Cap-Gap Extensions of F-1 Status and OPT

The typical H1B cap-filing season raises questions about extensions of F-1 student status and optional practical training (OPT) before the beginning of H1B status. Many foreign national students tend to have questions about coordinating H1B filings with the expiration of their F-1 status and OPT employment authorization. Important information about the operation of the so-called “cap-gap” extension of F-1 status and OPT follows.

Background: The Cap-Gap Rule

The cap-gap rule comes from a 2008 regulation issued by the U.S. Department of Homeland Security (DHS). It provides for automatic extensions of status for certain students to bridge the gap between the end of their student status, typically OPT, and the start of the next government fiscal year, on October 1st. Due to annual quotas on the number of H1B petitions, October 1st is the earliest date a cap-subject H1B worker may begin employment in H1B status. Many students’ F-1 status and OPT authorization, however, expire earlier in the summer due to the typical academic calendar. Under specific circumstances, the cap-gap rule extends student status and/or employment authorization. The rule and general considerations are summarized below.

Eligibility Under the Cap-Gap Rule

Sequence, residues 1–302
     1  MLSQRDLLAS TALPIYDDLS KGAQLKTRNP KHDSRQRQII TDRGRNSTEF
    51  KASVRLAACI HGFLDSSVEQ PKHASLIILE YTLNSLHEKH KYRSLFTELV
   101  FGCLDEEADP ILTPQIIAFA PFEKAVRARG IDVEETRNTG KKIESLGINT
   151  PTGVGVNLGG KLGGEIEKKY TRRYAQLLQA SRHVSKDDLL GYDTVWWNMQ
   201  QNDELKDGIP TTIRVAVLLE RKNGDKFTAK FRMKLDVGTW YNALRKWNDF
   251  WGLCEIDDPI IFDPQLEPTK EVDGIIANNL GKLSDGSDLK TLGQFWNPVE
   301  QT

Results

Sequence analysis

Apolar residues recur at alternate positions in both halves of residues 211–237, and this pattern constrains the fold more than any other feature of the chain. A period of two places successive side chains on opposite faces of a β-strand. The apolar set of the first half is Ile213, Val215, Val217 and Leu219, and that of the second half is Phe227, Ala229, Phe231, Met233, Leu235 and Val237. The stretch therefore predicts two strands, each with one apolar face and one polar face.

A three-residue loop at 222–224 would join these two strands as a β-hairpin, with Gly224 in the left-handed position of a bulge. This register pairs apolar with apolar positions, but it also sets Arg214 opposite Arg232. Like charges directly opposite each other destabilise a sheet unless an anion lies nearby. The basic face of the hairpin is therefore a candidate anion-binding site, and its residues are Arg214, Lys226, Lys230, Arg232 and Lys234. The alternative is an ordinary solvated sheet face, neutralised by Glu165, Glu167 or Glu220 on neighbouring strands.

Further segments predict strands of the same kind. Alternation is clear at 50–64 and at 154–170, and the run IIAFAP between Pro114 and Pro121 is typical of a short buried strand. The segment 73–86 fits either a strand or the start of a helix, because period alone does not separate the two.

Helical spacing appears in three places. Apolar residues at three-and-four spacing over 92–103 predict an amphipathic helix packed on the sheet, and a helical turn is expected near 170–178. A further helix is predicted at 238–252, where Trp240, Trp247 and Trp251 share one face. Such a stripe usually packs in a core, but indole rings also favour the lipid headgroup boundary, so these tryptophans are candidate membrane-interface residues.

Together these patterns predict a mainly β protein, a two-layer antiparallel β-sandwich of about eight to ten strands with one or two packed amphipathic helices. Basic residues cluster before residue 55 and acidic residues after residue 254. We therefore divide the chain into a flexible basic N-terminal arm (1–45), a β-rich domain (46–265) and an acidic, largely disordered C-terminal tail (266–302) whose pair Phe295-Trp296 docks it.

An F-1 student whose status expires (1) after the filing of an H1B petition requesting a change of status effective October 1st of the same year, and (2) before the requested start date of October 1st, receives an automatic extension of F-1 status. This extension is until September 30th if the H1B petition is accepted and remains pending or is approved.

If authorized for OPT as of the date of filing the H1B petition, the student beneficiary’s employment authorization is eligible for automatic extension through the entire cap-gap period. If the petition is denied, withdrawn, revoked, or rejected, however, the F-1 status and work authorization end. The student should be eligible for the standard 60-day grace period from the date of the triggering event or the academic program end date, whichever is later. If, however, the USCIS denies the change-of-status request based on a violation of student status, or denies or revokes the petition based on a discovery of fraud or misrepresentation, there is no grace period.

Actions Required of DSOs and F-1 Students

If the student’s H1B registration application submitted by the intended employer is selected in the cap lottery, the employer may then file the H1B petition on behalf of the student within the 90-day filing window. While the cap gap benefit applies automatically and does not require authorization, students may obtain a new I-20 for the full cap-gap period with evidence of filing. The full cap-gap authorization should be valid until September 30th. The cap-gap I-20s may be used as evidence of status and employment authorization, if applicable.

Requested Start Date

Historically, H1B employers filing cap cases were generally required to request a start date of October 1st. In 2024, a regulatory change was made, providing greater flexibility for H1B employers with regard to the start date requested on a cap case. This change, however, does not apply to cases involving cap-gap. For cap-gap cases, the requested start date still must be October 1st.

Students May File for STEM Extension During Cap Gap